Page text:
Continuing my 1985 diary of a trip to China and Tibet
After the sky burial we walk round the mountain to the Sera monastery. It’s beautiful, all white and red and gold and shining in the sun. There are several temples and houses all connecting with courtyards and little lanes. A couple of Tibetan girls hang out of a window and invite us in for breakfast – or, more accurately, mime us in. So we walk through the doorway below them, into a courtyard, up some steps and round a balcony into the house. In the courtyard is a very serious looking boy monk, about 14 years old, head shaved and robed in red. The house itself is very dark inside, with thick walls – it’s wonderfully cool. The room where we sit is about 8ft by 15ft, the main room of the house. The walls are dark brown because there is no chimney. The smoke from the fire is supposed to go out through the window. Julie tells me the Tibetans are very particular about what you can throw on a fire, no plastic wrappings, for example, or cellophane. They get quite cross if you don’t respect this rule. I suppose, apart from anything else, putting plastic on a fire where there is no chimney is going to stink the place out.
We sit on carpet-covered benches. The family serve us traditional Tibetan tea, which is made by pounding up yak butter, salt and tea in a thing that looks like an elongated butter churn and mixing it with water. It looks and tastes disgusting. It’s supposed to be very good for you, but it smells like vomit. Anyway, we can’t not drink it. Then they give us a bowl of Tsampa – traditional Tibetan porridge – and with much giggling the girls watch while we spoon the brown powder (ground wheat, but I don’t know what else) into our tea in the approved manner. Then we get rolls of bread, which look like the soft, lovely morning rolls that you get in Scotland. I’m all for this, until I realise they are rock hard, but we dip them in our tea/tsampa and it’s not too bad, and then we are given biscuits – they’re lovely.
While we’re going through all this and miming how wonderful it tastes (desperately hoping they’re not going to give us seconds) an old monk comes into the room and one of the women gives him a tray with some bowls of beans on it. He takes it away, I think to share with the boy monk, but comes back shortly afterwards with most of the beans. Maybe this woman is just a rotten cook, after all. But she can’t do enough to care for us, and it would be the worst manners to refuse anything she gives us. The monk picks up Ruth’s camera and says something to her. He doesn’t want his picture taken, but then we realise again, that he is asking if we have pictures of the Dalai Lama. And sadly we have to tell him that we don’t.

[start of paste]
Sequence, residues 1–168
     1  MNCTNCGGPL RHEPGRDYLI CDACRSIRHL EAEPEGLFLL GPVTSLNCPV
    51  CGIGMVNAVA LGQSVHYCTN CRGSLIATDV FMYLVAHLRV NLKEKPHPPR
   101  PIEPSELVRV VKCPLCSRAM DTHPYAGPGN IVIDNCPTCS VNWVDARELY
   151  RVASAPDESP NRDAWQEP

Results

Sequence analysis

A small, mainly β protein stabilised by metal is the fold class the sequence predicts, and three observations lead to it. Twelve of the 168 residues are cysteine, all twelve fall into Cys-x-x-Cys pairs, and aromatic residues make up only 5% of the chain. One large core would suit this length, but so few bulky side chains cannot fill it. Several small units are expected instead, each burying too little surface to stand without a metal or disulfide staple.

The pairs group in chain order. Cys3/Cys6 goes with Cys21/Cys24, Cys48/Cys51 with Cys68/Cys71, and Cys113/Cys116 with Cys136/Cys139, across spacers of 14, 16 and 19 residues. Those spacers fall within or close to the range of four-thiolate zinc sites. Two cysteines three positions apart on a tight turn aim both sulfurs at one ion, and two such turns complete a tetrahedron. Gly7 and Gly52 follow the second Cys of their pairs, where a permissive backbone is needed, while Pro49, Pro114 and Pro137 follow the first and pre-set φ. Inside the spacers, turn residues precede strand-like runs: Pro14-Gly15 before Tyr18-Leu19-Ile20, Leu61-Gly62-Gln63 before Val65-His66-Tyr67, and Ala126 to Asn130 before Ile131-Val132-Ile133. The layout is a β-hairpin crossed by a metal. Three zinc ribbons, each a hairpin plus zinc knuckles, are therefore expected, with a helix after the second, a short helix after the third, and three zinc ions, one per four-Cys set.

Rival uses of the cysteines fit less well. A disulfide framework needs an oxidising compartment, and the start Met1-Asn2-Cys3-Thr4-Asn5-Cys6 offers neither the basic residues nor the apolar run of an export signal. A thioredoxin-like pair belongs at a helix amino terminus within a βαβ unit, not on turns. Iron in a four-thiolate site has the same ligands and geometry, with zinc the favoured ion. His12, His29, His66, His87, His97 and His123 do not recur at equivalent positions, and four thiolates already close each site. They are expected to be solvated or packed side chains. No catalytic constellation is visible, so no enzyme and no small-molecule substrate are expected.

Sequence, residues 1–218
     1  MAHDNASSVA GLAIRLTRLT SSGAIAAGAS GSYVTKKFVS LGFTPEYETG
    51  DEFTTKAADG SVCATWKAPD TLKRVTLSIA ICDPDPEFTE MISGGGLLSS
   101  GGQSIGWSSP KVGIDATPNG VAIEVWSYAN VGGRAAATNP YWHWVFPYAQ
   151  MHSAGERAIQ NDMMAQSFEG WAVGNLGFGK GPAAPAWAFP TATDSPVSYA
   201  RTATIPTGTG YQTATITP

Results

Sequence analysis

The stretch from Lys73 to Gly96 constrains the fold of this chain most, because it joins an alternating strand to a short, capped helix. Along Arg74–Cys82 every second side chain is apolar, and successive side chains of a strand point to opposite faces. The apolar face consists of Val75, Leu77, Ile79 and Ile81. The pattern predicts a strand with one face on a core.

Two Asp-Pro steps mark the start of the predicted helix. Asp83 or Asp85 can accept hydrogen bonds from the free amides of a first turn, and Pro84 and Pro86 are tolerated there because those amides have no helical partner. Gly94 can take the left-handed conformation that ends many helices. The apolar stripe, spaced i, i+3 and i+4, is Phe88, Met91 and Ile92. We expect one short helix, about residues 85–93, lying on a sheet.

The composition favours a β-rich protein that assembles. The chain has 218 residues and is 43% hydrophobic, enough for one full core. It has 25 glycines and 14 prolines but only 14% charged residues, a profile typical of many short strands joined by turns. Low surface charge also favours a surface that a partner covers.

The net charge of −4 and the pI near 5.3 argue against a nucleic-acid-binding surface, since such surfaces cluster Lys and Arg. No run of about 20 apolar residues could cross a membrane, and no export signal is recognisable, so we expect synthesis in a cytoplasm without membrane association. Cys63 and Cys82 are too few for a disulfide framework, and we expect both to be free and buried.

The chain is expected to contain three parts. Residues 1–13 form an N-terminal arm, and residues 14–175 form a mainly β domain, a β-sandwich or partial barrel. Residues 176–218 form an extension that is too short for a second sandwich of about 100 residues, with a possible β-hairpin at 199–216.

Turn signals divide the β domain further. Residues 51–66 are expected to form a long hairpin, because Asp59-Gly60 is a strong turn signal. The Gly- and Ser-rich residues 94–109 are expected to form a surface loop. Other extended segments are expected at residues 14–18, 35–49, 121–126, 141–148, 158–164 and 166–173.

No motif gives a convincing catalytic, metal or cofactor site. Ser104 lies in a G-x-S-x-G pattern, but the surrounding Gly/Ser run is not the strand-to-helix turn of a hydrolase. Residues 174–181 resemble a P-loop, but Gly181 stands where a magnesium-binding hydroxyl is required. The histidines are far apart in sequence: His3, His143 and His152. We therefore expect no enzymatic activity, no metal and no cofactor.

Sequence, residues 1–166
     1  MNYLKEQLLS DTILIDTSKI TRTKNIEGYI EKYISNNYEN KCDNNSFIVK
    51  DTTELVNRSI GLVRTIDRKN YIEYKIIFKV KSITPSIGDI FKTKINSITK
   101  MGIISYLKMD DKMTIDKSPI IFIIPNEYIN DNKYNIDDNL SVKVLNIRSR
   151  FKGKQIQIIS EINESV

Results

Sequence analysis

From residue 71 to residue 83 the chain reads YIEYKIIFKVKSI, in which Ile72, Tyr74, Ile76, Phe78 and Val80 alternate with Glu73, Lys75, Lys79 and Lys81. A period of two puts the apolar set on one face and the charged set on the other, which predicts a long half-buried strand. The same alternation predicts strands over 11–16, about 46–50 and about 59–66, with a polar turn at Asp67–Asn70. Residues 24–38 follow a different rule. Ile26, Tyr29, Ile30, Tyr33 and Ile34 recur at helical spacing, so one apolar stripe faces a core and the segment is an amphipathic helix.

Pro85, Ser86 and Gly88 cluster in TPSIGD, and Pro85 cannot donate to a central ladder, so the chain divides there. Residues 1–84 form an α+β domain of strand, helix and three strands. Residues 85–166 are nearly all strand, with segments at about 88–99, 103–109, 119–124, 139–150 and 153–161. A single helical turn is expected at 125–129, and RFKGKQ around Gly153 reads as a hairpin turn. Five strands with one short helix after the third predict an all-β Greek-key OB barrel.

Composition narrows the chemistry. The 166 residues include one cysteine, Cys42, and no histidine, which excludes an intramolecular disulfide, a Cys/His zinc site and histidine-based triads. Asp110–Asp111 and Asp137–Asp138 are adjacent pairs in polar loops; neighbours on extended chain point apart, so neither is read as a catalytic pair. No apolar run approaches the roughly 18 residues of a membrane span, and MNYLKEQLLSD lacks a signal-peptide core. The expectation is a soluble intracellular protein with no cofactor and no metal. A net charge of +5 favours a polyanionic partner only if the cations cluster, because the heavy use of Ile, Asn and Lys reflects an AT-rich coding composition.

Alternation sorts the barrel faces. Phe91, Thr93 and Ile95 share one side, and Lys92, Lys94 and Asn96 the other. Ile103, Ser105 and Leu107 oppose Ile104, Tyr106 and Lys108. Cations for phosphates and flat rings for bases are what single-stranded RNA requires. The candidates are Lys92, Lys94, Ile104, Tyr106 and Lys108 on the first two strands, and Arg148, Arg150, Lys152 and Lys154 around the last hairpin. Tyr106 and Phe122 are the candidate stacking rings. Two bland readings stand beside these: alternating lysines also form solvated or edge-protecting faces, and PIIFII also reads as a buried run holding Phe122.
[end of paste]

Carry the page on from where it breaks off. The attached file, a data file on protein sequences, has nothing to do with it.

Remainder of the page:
‘What are we going to do about offering to pay for this?’ I say, while smiling at the monk.
‘They’ll be desperately insulted,’ says Julie.
‘They might be desperately insulted if we don’t offer,’ points out Mick.
It’s a tricky one, and we talk the matter round while we eat, and decide that it is better to offer to pay, than not. When we get up to leave, we all lift up our purses and point at them, but the family just laugh and shake their heads and bow and smile as we leave.
The main temple is lovely, very dim with many yak butter candles burning in front of the different statues of Buddha. There are many cushions on the floor with Tibetan coats on them, and a monk is sweeping up between them.
Another temple, up and down some very steep stairs – they seem to go for steps here that are about four inches wide and and a foot to 18 inches high. It’s really easy to miss your footing, but a girl of about 12 with a small child on her back skips past me and hurtles down them, without missing a beat, her feet absolutely sure, and she lets her load down easily at the bottom. I’m already beginning to feel knackered.
We come out on to a flat roof with more little temples leading off and monks smiling and bowing and welcoming us in. I’m rather bemused by all this hospitality and good humour, and obvious affection for westerners.
Extremely long walk back to the hotel. When I get there I get a bucket of cold water from the kitchen, and take it up to the empty dormitory, where I stand in the washing bowl, and pour it over me. It’s shocking but lovely. There are no places to wash here and, actually, I don’t think Tibetans wash much. They probably feel it’s pointless considering how dirty the place is, with all that dust that swirls around everywhere and clogs up everything. I’ve seen several kids who were so filthy the dirt looked like a second skin. Wash my hair, out on the roof, much to the curiousity of the Tibetan girl sweeping the dormitory floor. She stands and watches while I rub the shampoo in and I let her smell the bottle, which she doesn’t know what to make of, at all. Still, I let her feel my hair and I feel hers and we have a good laugh. It’s so easy to be happy here.